What to do when you need academic help: A framework for conceptualizing Facebook use for higher education support research article assignment
Academic Help Seeking is the title of article I read. It’s a framework for conceptualizing Facebook use for higher education support. This article was published in TechTrends by the Association of Education and Communications & Technology on December 12, 2016. Paul V Amador, Julie M Amador are the authors. This article examines how students, especially those who use Facebook for social media to help them with academics or solve problems, can utilize it as a resource. The Social Learning Theory is applied in the article in that it looks at how individuals learn to socialize and use social networks to their advantage. It goes on to say that most students will express their emotions or concerns about academics, but not as an academic blog. A study revealed that most people, based on their interaction with people online, believe they only socialize via social media.
They do not refer to specific articles that have been written on the topic. However, they occasionally quote authors who wrote similar articles to their own. For example, Nelson-Le Gall published Help Seeking, an understudied skill for solving problems in children in 1981. C Made, J Meek and T Hooley published Facebook, Social Integration and Informal Learning at University: “It’s more for talking with friends about work and socializing than actually doing work” in 2009. In order to appear credible, the authors use quotes. However, they do not fully connect these quotes with the research. The quotes are merely filler sentences unless the reader has read the entire article. The target audience is a non-sociology major or working scientist, but I find the quotes to be completely irrelevant. The study aims to investigate how social media sites can be used for academic purposes and how users think of them as social. The study aims to answer the question: how Facebook, in particular, is used to achieve academic goals, and what people think about it because Facebook has a reputation as a social network and that most of those who comment and read posts are family and friends. This study’s goal was to find out how preservice teachers and students in higher-education used Facebook as a tool to help them with their academics. Participants who sought academic help on Facebook, both formally as well as informally, viewed the network in a social light, created a community by interacting online, and requested assistance to complete academic tasks. This study provides a framework to help higher education personnel understand how students seek out academic support. The researchers claim that the selection of participants was done with purpose. The study required that the candidates have used Facebook at least two-years before they began the study. According to the study, the method was: “This study was designed to better understand how preservice teachers and students in higher education use Facebook to get academic support.” Results showed that participants using Facebook for formal and informal academic support felt the network was social. They also generated a feeling of community by interacting online and requested help to complete their academic tasks. The framework provides a framework for understanding how students seek help. The data were collected online after a year, when the students had become Facebook friends with an academic advisor at their university. The study used a quantitative data collection and keeping statistics of when academics were used on the site, as well as a qualitative analysis of data with interviews conducted after retrieving the collected data. The study stated that the goal of the study is to “understand how preservice teachers and students from higher education use Facebook for academic support.” The study found that those who sought academic support on Facebook, both formally and formally, felt the network had a social nature. They also generated a feeling of community via online interactions. Participants were also more likely to ask for help with academic tasks. This framework helps higher education professionals who support student academic success to better understand the help seeking process.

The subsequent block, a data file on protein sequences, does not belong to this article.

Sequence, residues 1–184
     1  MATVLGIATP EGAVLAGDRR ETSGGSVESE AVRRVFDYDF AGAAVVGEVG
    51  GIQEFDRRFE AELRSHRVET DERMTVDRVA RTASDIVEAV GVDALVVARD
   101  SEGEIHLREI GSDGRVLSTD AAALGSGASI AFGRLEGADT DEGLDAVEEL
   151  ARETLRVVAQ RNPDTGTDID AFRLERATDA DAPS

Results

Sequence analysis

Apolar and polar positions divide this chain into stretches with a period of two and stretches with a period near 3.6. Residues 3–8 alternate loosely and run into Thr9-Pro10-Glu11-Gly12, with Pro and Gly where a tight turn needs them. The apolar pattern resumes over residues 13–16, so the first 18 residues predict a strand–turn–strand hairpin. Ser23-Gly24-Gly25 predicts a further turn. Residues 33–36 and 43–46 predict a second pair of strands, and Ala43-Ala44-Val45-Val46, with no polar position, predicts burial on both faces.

The study concluded that, although students didn’t perceive themselves as using Facebook for academic purposes, they did use it more often to ask for emotional support or help, or even formal questions. They also used it more frequently when they wanted a response or clarification on a particular post, or if they just needed to mention school in an informal comment. The students are aware that some use social media in a positive way to complete tasks. The study found that those who sought academic support on Facebook, both formally as well as informally, thought the network was social. They also felt connected to others through online interactions and requested help to complete academic tasks. Higher education personnel who support academic success for students will find a framework to help them understand the process of seeking help. A box/cube graph was used to show that students are more likely to use passive, informal, or social language when posting, while they are less likely to use active, formal, academic language. The article mentions that this study is one-sided because the researcher grades posts as formal/informal and academic/social. They also grade them active/passive regardless of the opinion of another person. The article, I think, is also limited because of the few candidates and the unbalanced number in terms of gender. The data may have been altered by the fact that there were only two men and four women. In order to change the study to meet the author’s concerns and mine, I will firstly add more participants to the study. This would increase the sample size. Then I will base the grading on my perception of the posts as well as the researchers. Thirdly, to make sure that data wasn’t skewed by gender, I would balance the sexes from both sides. The research would be based on my experience with friends. Age has a significant impact on how much emotional support is given. We need less validation online as we age. As a middle child in a family of five, my oldest sibling, who is 26, uses social media very little. She says it’s not real and comments on pictures shouldn’t determine your self-worth. My younger sister is 15 and uses social media in a way that can damage her emotional well-being. My oldest sister relied just as much on strangers’ love and compliments when she was a child, but she didn’t need it anymore. She was fooling herself. This article is correct in that it identifies that Facebook can be used for education, but it fails to explain why.